6. Making every kind of armor from the same armor class give a bonus like the ones you're suggesting forces people into certain roles which I heavily dislike. For example, it's very likely you'll pick up at least 3 metal pieces of armor in goblin dungeon when leveling, but with your system that would give people +50% extra taunt which would basically force them to always take aggro from there. It's highly likely someone will be forced to accept one of your armor set bonuses even when they don't want to, since negative taunt or positive taunt can be undesirable. It's not a good idea to assume that everyone wearing 3 metal armor pieces wants to be a tank. In fact, as a tank player I would say the evasion bonus from leather sounds way more appealing than the taunt bonus.

    Buried in my wall of text is the assertion that this system can only work if there are valid options for metal/leather/organic/cloth armour at different levels (is it possible to simply add the craftable armour pieces to the loot table?). The way I pictured it is that players will hold onto different armour pieces of different material so that they can change roles on the fly. If say you are wearing leather helmet and boots, plus metal chest piece and pants, you can change your role by changing your boots. Put on metal boots and you can hold aggro reliably, and put on some leather boots and you now have good evasion. One other intended effect of my proposal is that metal is not necessarily the "best" tanking gear, you might want to pick organic armour for additional hp, or leather armour for evasion as you stated. But you probably will not want to tank in cloth armour unless your damage output is so high, you negate the negative taunt from cloth armour.

    I do see that one unintended side effect is that people who are forced to wear three metal pieces (lets say they have been unlucky with drops) will be forced into taking a lot of aggro, but hopefully if it is relatively easy to find a non metal piece, they can swap out one of their metal pieces to avoid this set bonus

    7. For tanks, getting extra armor/health is not that important, at least outside of the early game. You suggested that tanks would want to use higher level gear as soon as possible for the armor/health for better survivability, but that is not the case even now, despite higher level gear typically giving more armor. Even right now several BiS tank equips are not level 80, and several of them aren't even metal armor, because sacrificing hundreds of points of armor is worth the resistances they give. In fact, a big reason why tanks can get away with lower level equipment is not because they don't care about getting good mods, it's because there's so few good mods for tanking that the level penalty to your equipment doesn't matter as much. For example, on Unarmed/Shield there is ONE mod on the chest that is worth getting for tanking (Physical resistance from unarmed) while everything else just gives damage, very minor bonuses, or don't really scale that much (Ex. Generic poison resist/accuracy). That one mod is really good and you want it to be level 80, so you augment it to 80, and the level of the other mods isn't very relevant since they don't contribute to your survivability nearly as much. Your suggestion wouldn't change this because even if the chest was limited to three slots, you still would only care about having that one mod while the other ones are just damage bonuses.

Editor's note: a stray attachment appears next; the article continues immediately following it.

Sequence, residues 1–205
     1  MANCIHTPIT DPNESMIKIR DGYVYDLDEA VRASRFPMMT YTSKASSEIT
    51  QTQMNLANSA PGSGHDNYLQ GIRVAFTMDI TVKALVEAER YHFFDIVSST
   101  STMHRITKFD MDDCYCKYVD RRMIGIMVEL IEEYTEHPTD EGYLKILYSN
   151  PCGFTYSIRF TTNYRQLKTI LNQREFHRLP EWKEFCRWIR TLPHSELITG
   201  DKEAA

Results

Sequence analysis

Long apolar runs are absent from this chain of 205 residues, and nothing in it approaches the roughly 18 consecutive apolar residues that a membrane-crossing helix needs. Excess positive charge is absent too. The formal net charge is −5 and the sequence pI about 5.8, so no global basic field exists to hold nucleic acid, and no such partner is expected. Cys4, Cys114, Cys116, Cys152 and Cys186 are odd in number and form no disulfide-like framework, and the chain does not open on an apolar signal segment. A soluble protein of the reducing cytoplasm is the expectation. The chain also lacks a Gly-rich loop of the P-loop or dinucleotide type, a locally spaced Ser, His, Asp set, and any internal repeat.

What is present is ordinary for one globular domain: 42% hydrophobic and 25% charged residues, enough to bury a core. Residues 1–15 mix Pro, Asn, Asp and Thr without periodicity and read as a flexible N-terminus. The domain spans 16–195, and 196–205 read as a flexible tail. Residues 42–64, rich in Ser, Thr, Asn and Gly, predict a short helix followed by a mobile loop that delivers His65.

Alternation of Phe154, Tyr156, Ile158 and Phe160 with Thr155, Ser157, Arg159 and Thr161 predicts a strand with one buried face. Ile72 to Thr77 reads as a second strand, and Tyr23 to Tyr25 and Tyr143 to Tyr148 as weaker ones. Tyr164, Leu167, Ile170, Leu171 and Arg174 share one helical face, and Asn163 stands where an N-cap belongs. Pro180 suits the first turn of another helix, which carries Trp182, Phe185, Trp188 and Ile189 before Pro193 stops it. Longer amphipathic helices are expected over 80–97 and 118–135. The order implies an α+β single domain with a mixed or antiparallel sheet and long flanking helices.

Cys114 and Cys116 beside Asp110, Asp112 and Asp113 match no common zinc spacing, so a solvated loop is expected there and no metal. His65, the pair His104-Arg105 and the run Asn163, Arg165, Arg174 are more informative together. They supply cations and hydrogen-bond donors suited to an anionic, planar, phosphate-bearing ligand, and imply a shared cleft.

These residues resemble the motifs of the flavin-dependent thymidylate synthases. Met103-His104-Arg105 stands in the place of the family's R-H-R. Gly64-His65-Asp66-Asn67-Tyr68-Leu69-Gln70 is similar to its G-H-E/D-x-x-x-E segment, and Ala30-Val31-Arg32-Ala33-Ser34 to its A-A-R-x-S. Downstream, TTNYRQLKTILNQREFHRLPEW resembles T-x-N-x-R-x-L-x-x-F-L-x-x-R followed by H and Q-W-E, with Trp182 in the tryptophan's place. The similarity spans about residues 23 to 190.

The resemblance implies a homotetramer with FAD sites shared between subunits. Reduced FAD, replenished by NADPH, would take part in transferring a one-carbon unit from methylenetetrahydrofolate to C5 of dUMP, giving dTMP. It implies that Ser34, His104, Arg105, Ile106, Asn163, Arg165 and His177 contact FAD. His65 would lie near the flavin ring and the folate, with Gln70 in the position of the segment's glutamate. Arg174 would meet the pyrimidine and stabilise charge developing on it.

I think the question is about the distribution of available mods on different equipment pieces and the general lack of effective tanking/defensive mods. I can't say I have a lot of unarmed experience (I have it at level 70 but haven't used it since it was reworked months ago) but I presume you mean this mod: "While unarmed is active, 18% of all Slashing, Piercing, and Crushing damage you take is mitigated and added....". I deliberately didn't comment on the lack of effective tanking mods because others have already discussed it in great detail, but I feel the amount that are already present in game, if reworked (possibly into percentage based mods) will be enough to make tanking viable and fun, if the combat is tuned so that a tank is actually needed.

    I actually have my own thoughts about the the philosophy of tanking but I won't share that now as it is outside the scope of the current proposal. I will write it up and post a reply on your other post Yaffy.

    Lastly I'm hurt that you haven't commented on my idea on consuming beads/baubles/ornaments/contraptions to upgrade the level of items.... I personally would put all my other ideas down as "too hard, not worth the effort" but I would love to have the ability to upgrade a lower item level to level 80, with matching stats.

  10. #30
    Junior Member Chilton's Avatar
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    Quote Originally Posted by Mikhaila View Post
    Make it an event! Announce the patch and give out the patch notes with lots of combat changes. Give a large bonus to experience and encourage people to go kill things for a week. Ask for specific feedback from people, giving us details on what to test. What type of armor sets, what skills, what mobs, etc. Then change things back, digest the feedback, and hit us with more changes and a similar event.
    I second this idea, making it an event with a view to rolling back the changes is a great way to test things in game